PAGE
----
THE new owners of the Gold Coast Titans have taken their first step towards long-term sustainability by appointing former Storm and Broncos chairman Dennis Watt.
The NRL confirmed yesterday that a local consortium consisting of Darryl Kelly and his wife Joanne and Rebecca Frizelle and her husband Brett had been granted the licence with a view to creating profitability that would one day allow the club to be community owned.
The NRL turned down larger financial incentives in order to grant the licence to two people who have poured countless hours and millions of dollars into the club in recent years but Watt's input as Gold Coast's new executive chairman will be crucial in taking the Titans from good intentions to premiership contention.
Considered a leading candidate to join the ARL Commission after stepping down from his role as chairman of the Broncos in October, Watt brings has close to two decades of rugby league expertise, something that Kelly himself acknowledges he cannot match.
The shambolic way in which the sacking of coach Neil Henry was carried out and subsequent departure of star fullback Jarryd Hayne was evidence again that a Titans board stacked with business acumen needed leadership in the ways of running a successful footy club, something Watt can bring in spades.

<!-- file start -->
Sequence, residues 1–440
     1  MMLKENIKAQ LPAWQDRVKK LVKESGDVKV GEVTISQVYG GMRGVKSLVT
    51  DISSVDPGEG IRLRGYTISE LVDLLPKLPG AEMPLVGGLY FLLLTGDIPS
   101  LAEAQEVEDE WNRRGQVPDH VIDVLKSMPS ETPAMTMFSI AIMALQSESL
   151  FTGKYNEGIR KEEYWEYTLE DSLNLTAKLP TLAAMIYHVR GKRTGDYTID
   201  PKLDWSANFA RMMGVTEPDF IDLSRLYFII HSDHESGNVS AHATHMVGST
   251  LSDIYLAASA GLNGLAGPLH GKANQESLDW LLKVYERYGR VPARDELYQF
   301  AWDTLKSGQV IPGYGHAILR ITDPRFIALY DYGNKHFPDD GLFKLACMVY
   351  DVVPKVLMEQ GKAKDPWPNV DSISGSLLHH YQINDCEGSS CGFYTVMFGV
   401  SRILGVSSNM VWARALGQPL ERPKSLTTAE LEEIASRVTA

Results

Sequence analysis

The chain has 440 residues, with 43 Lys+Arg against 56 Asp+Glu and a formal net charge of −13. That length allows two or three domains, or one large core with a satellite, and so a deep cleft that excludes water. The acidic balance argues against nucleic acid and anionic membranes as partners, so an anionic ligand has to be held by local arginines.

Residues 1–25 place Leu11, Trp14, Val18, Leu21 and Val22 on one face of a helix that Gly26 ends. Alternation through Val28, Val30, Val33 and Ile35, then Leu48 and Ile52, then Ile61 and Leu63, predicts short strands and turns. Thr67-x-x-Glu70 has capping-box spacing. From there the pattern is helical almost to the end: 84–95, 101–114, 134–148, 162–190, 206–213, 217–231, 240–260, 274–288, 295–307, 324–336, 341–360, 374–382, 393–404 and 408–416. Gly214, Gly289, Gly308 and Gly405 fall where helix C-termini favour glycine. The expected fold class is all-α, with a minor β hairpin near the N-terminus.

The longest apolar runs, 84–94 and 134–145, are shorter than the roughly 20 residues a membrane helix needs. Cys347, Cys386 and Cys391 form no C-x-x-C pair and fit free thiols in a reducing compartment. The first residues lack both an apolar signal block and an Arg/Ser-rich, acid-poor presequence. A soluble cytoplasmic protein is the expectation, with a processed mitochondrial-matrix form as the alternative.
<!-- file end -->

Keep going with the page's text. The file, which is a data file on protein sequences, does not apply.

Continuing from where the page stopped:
Titans CEO Graham Annesley has spent as much time putting out fires as he has plotting the future direction of the club under difficult circumstances since his arrival four years ago and will benefit greatly from having Watt's influence at board level.
Having seen the contribution that both Kelly and Frizelle have made to the club surviving into its 10th year in 2017, NRL CEO Todd Greenberg said he has no doubt that they are the right people to give the Gold Coast the team it deserves.
"We said all the way through this process that our primary aim was to ensure the Titans become a well-run, profitable and successful club for their fans and the local community,” Greenberg said.
"And we have no doubt that can best be achieved under the direction of this consortium.
"It was Rebecca and Darryl who took over the running of the club when the Titans were placed in voluntary administration three years ago.
"They have restored the club to the position where it has a strong future and there is no reason the Titans, with their strong grassroots base, shouldn't go on to become a powerhouse of our competition.”
Kelly reportedly lost more than $5 million that he had personally invested when the NRL placed the club into voluntary administration in 2013 but believes that as owners of the club they can move the Titans into a position of strength.
"I've been involved in this game throughout my life at a regional and grassroots level, and While my time with the Titans has been challenging, I genuinely believe we can make a difference now that the ownership has finally been resolved,” Kelly said.